History does not bring confidence that peace and genuine human equality will prevail on Planet Earth anytime soon
Nevertheless, a new China century would likely be an improvement over the American, British and Spanish empires
In early February, just before the start of the Ukraine War, Russian President Vladimir Putin and Chinese Premier Xi Jinping had a historic meeting in which they vowed to increase trading ties and to help one another to stand up to the U.S..
At a forum in Sochi a few months earlier, Putin said that the U.S. was accelerating the process of its decline with a string of mistakes “typical of an empire.” These mistakes included the implementation of ‘…sanctions against Russia and other nations which undermined trust in the dollar as the world’s universal currency.’
According to Putin, “an empire always thinks that it can allow itself to make some little mistakes, take some extra costs, because its power is such that they don’t mean anything. But [with] the quantity of those costs, those mistakes inevitably grow.”
The U.S. Empire had been riding high in 1991 after the collapse of the Soviet Union but then spectacularly overreached following the 9/11 attacks in Afghanistan and Iraq.
The total cost for the Afghan war alone reached $2.2 trillion.
Jeffrey Eggers, a White House staffer and Navy SEAL veteran, asked a government investigation in 2015: “What did we get for this effort? After the killing of Osama bin Laden, I said that Osama was probably laughing in his watery grave considering how much we have spent on Afghanistan.”
Putin may soon be laughing too if the U.S. continues to escalate its “foreign entanglement” in Ukraine wasting lives and vast sums of money promoting another losing cause.
A Promise Unfulfilled
Alfred W. McCoy’s new book To Govern the Globe: World Orders & Catastrophic Change (Chicago: Haymarket Books, 2021), seeks to place the rise and fall of the American Empire in world-historical context.
Like other empires throughout history, the American one showed great “promise” at the beginning. With the defeat of Nazi Germany in World War II, it seemed that the age of competing empires, closed imperial trade blocs and secret alliances would soon give way to an international community of emancipated colonies, sovereign nations, free trade and peace through law.
Washington’s new visionary world order took form at Bretton Woods, New Hampshire, in July 1944 where 44 Allied nations forged a new financial system led by the World Bank that would secure so-called “global prosperity,” and at San Francisco in June 1945, where the UN Charter was drafted.
Three years later, former First Lady Eleanor Roosevelt promoted a Universal Declaration of Human Rights at the UN General Assembly, which proclaimed that “all human beings are born free and equal in dignity and rights. They are endowed with reason and conscience and should act towards one another in a spirit of brotherhood.”
The idea for the Universal Declaration of Human Rights and UN Charter derived from Elihu Root, the U.S. Secretary of State from 1905 to 1909, who championed an international court as an alternative to armed conflict.
Yet, Root was a former corporate lawyer who oversaw the bloody suppression of an anti-colonial revolt in the Philippines and championed military interventions in Cuba, and Nicaragua. In World War I, Root led a group of financiers, industrialists, and corporate lawyers who established the Council on Foreign Relations in New York City—the premier forum for the promotion of an imperialist foreign policy.
Unfortunately, the U.S. repeatedly violated the ideals of its own foreign policy rhetoric—a narrative that nonetheless serves its purpose: to distract and mislead the public. The drive to acquire overseas military bases and access raw materials led to the waging of aggressive wars that yielded a devastating impact. None more so than in the Pacific theater of World War II where the U.S. Air Force under General Curtis LeMay razed almost every Japanese city and dropped two atomic bombs that killed at least 250,000 people.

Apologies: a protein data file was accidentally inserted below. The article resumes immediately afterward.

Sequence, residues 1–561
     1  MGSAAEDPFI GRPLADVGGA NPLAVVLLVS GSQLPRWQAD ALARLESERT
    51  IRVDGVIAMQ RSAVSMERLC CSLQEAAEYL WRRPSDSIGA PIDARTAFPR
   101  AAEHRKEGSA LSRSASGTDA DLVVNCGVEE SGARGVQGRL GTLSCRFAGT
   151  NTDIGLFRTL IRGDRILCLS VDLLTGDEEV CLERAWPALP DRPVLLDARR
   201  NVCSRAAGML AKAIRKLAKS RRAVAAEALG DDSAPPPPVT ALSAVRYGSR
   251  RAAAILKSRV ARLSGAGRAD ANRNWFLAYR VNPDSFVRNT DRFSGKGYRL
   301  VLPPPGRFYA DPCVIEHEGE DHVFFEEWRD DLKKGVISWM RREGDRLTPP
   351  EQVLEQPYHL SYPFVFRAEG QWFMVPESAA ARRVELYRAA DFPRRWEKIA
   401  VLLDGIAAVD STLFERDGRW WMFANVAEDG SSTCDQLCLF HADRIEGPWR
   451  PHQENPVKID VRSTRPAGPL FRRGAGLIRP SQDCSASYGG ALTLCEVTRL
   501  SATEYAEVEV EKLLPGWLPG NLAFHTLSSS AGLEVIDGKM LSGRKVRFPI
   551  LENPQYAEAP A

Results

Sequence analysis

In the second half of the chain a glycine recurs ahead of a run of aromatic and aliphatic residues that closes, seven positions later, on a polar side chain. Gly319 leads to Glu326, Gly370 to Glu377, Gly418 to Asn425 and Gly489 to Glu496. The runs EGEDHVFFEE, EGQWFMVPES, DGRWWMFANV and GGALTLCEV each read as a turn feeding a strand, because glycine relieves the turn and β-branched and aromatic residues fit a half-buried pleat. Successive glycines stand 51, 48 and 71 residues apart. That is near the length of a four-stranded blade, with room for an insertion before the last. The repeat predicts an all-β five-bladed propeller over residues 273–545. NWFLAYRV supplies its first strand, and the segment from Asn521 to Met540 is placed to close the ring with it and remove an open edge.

McCoy writes that, “at the core of U.S. power was an unmatched military with hundreds of overseas bases that circles the globe, a formidable nuclear arsenal, massive air and naval forces and many client armies.”
The Central intelligence Agency (CIA), according to McCoy, served as the critical mechanism for the resolution of a contradiction that lay at the heart of Washington’s world system: How could the U.S. intervene in the international affairs of independent nations in the exercise of its global hegemony without being seen to violate their inviolable sovereignty under the UN Charter?
The answer was to do it covertly, using the agency’s (at least theoretically) traceless tools to invisibly compromise the sovereignty of countless nations.
These tools included election manipulation, psychological warfare, organization of coup d’états and many other forms of subversion. During the first decades of the Cold War, a national leader critical of the U.S. Empire could face a CIA-sponsored coup that left him locked up for life (Iran), forced into exile (Guatemala), tortured to death (Congo), or left murdered on the capital streets (South Vietnam).
Secret interventions ultimately fractured delicate political balances and plunged developing world nations into protracted instability marked by endemic violence.
As the heavy costs of the agency’s covert capacity accumulated, George Kennan of the State Department, the father of the Cold War containment strategy, called the CIA’s creation “the greatest mistake he ever made.”
“They Make a Desolation and Call It Peace”
The CIA’s dark side was evident in Iran where the training of secret police officers in torture techniques bore the marks of the agency’s program of secret research into psychological torture that it would, in defiance of international conventions, disseminate among allies worldwide.
According to McCoy, the CIA’s recurring complicity in torture and backing of coups—all banned under Article 5 of the UN’s Universal Declaration of Human Rights—highlighted “the stark duality between Washington’s principles and its exercise of power.”
Throughout the 1960s and early 1970s, Washington deployed the CIA to terrorize South Vietnamese villages through the Phoenix Program, which was responsible for 40,994 extrajudicial executions.